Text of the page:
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His Lover's Little Secret Andrea Laurence 2022/8/3 13:54:41

There was no running from Gavin now. He would forever be a part of her life. And she didn’t have the strength to keep fighting this. He might never love her the way she loved him. But she couldn’t pretend that this meant nothing to her.

Gavin groaned loudly, pulling her from her thoughts. He moved his hand up to cup her breast, the intensity of their movements increasing with each moment that went by. She wouldn’t be able to hold out much longer.

Opening her eyes, she looked down at Gavin. His eyes were closed, his teeth biting down on his lip. He was completely wrapped up in his desire for her. For her. Just the way she was. He’d told her that the night she fought with Viola, but she wasn’t ready to listen. Perhaps he really meant it. Perhaps he wouldn’t ask her to change and she wouldn’t betray how weak she was by giving in to his demands.

Perhaps one day he might love her for being herself.

That thought made her heart soar with hope and her body followed. The pleasure surged through her, her cries echoing in the large, tile-floored room. Gavin quickly followed, digging his fingers into the flesh of her hips and growling with satisfaction.

When their heartbeats slowed and they snuggled comfortably into each other’s arms, Sabine spoke. Not the words she wanted to say, but the ones she needed to say. “Thank you.”

“For the paint. And all of this, really. But mostly the paint.”

“I assure you, the pleasure was all mine.”

Sabine laughed and nestled tighter against his still somewhat rainbow-colored chest. “That’s not what I meant. You’ve always been such a big supporter of my work. I haven’t...” Her voice trailed off as tears crept into her words. She cleared her throat. “I haven’t always had that in my life.

“After I had Jared and stopped painting, I began to worry that I might lose my touch. When you brought that canvas the other day and the ideas didn’t come, I was really worried my art career was done. Today showed me that I still have the creativity inside me. I just need to not put so much pressure on myself and have fun with it again. It doesn’t seem like much, but those body paints were a big deal. For me.”

“I’m glad,” Gavin said, holding her tight. “I have to say it’s the best fifteen bucks I’ve ever spent at the adult novelty store.”

“We should really call and check in on Jared.”

Gavin tugged her tight against him and shook his head. They had made love, showered off her artwork, eaten—as body paints are not a replacement for real food—made love again and taken a nap. He wasn’t anywhere near ready to let go of her. Not even just so she could grab her phone from the other room.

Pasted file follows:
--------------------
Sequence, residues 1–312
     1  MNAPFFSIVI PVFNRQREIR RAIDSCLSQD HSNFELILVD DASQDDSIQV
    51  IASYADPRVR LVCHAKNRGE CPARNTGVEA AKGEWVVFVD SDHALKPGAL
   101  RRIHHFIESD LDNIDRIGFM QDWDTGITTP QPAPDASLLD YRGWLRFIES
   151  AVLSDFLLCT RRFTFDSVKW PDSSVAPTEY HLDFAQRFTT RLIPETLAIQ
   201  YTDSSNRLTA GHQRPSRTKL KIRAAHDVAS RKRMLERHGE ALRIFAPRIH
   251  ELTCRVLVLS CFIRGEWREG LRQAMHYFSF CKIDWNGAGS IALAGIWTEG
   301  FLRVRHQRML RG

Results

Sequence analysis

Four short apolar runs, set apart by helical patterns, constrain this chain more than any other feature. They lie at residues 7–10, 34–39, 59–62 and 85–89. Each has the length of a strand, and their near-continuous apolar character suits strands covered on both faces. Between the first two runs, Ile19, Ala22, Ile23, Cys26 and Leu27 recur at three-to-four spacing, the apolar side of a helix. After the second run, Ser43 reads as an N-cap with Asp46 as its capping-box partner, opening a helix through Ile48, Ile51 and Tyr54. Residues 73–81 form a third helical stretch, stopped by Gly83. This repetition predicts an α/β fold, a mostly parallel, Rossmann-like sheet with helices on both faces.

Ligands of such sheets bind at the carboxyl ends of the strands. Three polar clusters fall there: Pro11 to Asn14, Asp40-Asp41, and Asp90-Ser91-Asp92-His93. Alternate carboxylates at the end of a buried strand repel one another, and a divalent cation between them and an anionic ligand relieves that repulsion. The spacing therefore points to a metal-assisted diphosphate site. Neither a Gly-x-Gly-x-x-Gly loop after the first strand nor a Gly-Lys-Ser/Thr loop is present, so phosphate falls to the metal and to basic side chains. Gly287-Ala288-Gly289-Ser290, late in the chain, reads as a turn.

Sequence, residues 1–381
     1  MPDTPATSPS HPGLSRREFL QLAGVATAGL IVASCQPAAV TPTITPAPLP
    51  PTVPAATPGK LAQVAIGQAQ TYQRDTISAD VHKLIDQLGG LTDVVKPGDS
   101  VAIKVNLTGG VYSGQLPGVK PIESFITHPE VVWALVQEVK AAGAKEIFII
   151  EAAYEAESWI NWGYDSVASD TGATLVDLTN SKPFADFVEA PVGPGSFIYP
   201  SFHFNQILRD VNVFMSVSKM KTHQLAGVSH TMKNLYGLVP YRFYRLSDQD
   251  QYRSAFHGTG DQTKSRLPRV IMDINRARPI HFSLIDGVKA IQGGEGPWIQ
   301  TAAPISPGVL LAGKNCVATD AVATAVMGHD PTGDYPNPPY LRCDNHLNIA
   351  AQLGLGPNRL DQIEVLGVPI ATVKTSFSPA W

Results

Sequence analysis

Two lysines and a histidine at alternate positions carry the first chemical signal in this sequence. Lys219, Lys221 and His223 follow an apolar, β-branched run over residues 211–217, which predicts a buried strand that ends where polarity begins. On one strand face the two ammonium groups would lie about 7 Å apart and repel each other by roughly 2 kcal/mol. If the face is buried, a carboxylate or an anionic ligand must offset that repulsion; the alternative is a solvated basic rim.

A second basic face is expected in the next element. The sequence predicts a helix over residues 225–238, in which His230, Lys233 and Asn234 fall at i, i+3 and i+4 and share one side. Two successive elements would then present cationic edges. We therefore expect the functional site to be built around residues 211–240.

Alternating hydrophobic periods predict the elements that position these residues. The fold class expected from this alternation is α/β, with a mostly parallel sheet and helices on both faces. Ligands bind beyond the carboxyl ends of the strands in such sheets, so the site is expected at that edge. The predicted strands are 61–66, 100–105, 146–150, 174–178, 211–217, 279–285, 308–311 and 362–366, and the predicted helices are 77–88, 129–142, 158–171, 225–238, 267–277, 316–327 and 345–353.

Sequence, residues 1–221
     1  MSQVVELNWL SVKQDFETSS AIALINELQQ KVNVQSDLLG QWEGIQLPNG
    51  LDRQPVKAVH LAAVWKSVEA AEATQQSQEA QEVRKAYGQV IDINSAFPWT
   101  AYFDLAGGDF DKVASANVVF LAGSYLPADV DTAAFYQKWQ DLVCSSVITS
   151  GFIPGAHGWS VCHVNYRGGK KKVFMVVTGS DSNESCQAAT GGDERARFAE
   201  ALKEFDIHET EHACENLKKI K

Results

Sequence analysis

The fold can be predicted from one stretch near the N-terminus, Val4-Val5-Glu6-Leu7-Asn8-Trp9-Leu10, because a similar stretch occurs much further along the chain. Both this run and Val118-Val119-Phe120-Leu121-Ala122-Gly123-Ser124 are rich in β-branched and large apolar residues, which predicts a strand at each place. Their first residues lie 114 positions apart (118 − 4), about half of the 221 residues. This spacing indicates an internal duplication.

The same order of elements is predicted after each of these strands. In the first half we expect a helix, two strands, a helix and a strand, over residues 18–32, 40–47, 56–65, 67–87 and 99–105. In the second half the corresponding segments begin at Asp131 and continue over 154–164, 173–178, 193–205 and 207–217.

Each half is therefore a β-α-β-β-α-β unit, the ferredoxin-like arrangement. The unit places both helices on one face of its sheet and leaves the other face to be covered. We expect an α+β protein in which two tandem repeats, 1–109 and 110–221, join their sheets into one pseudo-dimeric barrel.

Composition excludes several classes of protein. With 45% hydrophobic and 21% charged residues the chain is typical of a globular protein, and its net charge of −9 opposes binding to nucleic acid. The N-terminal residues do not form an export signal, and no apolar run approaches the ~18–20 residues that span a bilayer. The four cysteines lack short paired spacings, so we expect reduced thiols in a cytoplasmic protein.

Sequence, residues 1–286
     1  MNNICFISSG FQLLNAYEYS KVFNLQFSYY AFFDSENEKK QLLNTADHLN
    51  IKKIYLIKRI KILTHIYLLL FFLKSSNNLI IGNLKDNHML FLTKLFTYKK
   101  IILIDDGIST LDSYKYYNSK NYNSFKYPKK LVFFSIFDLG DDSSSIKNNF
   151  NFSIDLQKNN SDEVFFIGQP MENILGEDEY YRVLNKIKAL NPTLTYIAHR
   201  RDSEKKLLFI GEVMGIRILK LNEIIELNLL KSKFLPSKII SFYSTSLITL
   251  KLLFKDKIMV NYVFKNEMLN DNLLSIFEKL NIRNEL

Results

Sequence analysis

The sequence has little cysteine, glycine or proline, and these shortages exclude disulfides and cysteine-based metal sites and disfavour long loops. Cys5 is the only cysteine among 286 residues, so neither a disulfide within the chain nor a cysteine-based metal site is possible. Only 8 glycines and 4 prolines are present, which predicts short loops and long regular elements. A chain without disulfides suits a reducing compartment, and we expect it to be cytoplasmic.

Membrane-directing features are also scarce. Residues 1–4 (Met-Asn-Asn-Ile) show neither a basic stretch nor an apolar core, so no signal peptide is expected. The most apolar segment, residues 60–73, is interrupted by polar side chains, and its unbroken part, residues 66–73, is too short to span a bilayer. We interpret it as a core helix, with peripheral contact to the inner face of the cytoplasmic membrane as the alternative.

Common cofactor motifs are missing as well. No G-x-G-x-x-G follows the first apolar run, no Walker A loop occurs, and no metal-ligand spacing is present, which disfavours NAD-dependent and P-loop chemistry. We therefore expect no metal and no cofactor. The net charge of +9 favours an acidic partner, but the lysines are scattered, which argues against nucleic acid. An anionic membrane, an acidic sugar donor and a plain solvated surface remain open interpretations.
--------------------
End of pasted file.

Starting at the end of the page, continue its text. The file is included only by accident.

“I told my parents to call if there was a problem. I want you one hundred percent focused on enjoying yourself and relaxing. They’ve got it under control. We’ve only been gone for eight hours.”

He could feel her start to squirm, but he wasn’t budging. “How about we call in the morning?”

“Okay. I’m sure everything’s fine, but I’m just a nervous mama. I worry.”

“I know. But remember, our parents raised us, at least yours did. Mine hired very qualified people to do it. They know what they’re doing.”

“I’d rather you not use my parents as an example of good parenting.”

Gavin had never heard Sabine speak at length about her family or where she grew up. He knew it was somewhere in the Midwest, but she always seemed hesitant to talk about it. Since she opened the door, he’d take the opportunity. “Do your parents know about Jared?”

He felt Sabine stiffen in his arms. “No,” she finally said.

“What happened between you and your family?” Gavin asked.

Sabine sighed, her kiss-swollen lips pursing in thought. She didn’t really want to talk about it, but she needed to and they both knew it.

“Like I said, I wasn’t the child they wanted. I wasn’t willing to change who I was or what I dreamed of for them. They wanted me to be a quiet, mousy girl that would get up at dawn to cook for my husband and the other farmhands, take care of a brood of children and be content to sit on the porch and snap green beans. My two sisters didn’t see anything wrong with that, but it wasn’t what I wanted for my life. They couldn’t understand why I wanted a nose ring instead of a wedding ring. The first time I dyed my bangs pink, my mother nearly had a heart attack. My art, my dreams of New York and being a famous painter...that was all childish nonsense to them. They wanted me to ‘grow up’ and do something respectable.”